PDF To appear in BMVC 2023
Authors:Minh-Hao Van, Alycia N. Carey, Xintao Wu
While numerous defense methods have been proposed to prohibit potential poisoning attacks from untrusted data sources, most research works only defend against specific attacks, which leaves many avenues for an adversary to exploit. In this work, we propose an efficient and robust training approach to defend against data poisoning attacks based on influence functions, named Healthy Influential-Noise based Training. Using influence functions, we craft healthy noise that helps to harden the classification model against poisoning attacks without significantly affecting the generalization ability on test data. In addition, our method can perform effectively when only a subset of the training data is modified, instead of the current method of adding noise to all examples that has been used in several previous works. We conduct comprehensive evaluations over two image datasets with state-of-the-art poisoning attacks under different realistic attack scenarios. Our empirical results show that HINT can efficiently protect deep learning models against the effect of both untargeted and targeted poisoning attacks.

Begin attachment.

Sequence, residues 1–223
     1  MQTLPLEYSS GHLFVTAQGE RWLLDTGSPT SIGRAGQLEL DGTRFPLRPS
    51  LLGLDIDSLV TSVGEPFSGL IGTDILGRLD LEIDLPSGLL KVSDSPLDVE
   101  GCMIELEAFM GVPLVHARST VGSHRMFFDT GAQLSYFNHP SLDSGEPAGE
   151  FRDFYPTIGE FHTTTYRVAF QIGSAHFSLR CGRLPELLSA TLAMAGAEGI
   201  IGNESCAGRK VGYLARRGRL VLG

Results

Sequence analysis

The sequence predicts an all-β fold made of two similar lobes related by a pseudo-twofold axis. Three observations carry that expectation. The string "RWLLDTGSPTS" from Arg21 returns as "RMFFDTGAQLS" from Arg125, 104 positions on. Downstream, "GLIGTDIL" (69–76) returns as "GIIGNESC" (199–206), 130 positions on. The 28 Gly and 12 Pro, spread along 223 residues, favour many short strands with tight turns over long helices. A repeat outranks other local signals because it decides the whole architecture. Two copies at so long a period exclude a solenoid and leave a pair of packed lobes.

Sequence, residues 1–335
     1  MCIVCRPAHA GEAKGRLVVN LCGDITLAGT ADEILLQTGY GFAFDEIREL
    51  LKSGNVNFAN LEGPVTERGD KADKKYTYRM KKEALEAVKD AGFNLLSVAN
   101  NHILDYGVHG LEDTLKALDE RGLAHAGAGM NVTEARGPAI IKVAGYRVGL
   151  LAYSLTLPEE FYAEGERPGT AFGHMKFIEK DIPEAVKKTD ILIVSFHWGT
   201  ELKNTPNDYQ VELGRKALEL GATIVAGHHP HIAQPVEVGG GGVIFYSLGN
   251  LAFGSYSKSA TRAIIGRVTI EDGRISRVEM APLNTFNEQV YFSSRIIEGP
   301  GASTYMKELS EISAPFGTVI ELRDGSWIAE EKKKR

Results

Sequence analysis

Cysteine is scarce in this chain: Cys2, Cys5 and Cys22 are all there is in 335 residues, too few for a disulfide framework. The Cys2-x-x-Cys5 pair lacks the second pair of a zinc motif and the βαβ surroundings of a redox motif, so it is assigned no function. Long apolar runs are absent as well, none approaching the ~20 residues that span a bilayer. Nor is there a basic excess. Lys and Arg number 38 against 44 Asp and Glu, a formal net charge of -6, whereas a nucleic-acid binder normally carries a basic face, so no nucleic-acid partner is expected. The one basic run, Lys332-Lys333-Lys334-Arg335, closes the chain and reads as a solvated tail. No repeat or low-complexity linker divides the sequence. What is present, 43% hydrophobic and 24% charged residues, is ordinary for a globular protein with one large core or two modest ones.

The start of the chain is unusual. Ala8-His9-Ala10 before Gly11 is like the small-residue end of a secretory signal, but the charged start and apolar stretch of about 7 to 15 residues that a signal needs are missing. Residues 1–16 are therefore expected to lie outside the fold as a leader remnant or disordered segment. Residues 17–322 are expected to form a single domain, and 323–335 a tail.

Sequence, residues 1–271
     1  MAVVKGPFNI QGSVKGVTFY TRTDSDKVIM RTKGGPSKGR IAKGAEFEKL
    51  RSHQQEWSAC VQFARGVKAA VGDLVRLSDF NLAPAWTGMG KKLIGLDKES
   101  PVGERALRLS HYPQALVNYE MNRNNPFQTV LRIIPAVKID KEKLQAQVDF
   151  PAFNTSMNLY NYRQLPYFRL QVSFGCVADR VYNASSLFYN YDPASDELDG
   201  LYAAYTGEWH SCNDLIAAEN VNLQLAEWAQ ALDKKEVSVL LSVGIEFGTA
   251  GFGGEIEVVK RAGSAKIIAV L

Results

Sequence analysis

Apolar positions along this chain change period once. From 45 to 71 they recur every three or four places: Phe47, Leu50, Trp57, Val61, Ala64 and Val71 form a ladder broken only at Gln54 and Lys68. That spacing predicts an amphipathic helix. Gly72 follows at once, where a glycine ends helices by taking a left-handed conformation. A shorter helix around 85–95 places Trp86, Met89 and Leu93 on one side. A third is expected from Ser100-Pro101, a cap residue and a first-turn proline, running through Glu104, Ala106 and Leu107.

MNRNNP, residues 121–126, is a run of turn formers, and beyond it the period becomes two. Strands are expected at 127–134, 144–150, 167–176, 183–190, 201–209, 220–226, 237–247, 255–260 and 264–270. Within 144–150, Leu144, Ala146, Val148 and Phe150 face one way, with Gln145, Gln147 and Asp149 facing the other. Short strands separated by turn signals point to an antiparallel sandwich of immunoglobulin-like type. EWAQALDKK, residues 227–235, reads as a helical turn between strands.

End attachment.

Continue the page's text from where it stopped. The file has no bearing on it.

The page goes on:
Authors:Yinpeng Dong, Huanran Chen, Jiawei Chen, Zhengwei Fang, Xiao Yang, Yichi Zhang, Yu Tian, Hang Su, Jun Zhu
Multimodal Large Language Models (MLLMs) that integrate text and other modalities (especially vision) have achieved unprecedented performance in various multimodal tasks. However, due to the unsolved adversarial robustness problem of vision models, MLLMs can have more severe safety and security risks by introducing the vision inputs. In this work, we study the adversarial robustness of Google’s Bard, a competitive chatbot to ChatGPT that released its multimodal capability recently, to better understand the vulnerabilities of commercial MLLMs. By attacking white-box surrogate vision encoders or MLLMs, the generated adversarial examples can mislead Bard to output wrong image descriptions with a 22% success rate based solely on the transferability. We show that the adversarial examples can also attack other MLLMs, e.g., a 26% attack success rate against Bing Chat and a 86% attack success rate against ERNIE bot. Moreover, we identify two defense mechanisms of Bard, including face detection and toxicity detection of images. We design corresponding attacks to evade these defenses, demonstrating that the current defenses of Bard are also vulnerable. We hope this work can deepen our understanding on the robustness of MLLMs and facilitate future research on defenses. Our code is available at https://github.com/thu-ml/Attack-Bard.
PDF Technical report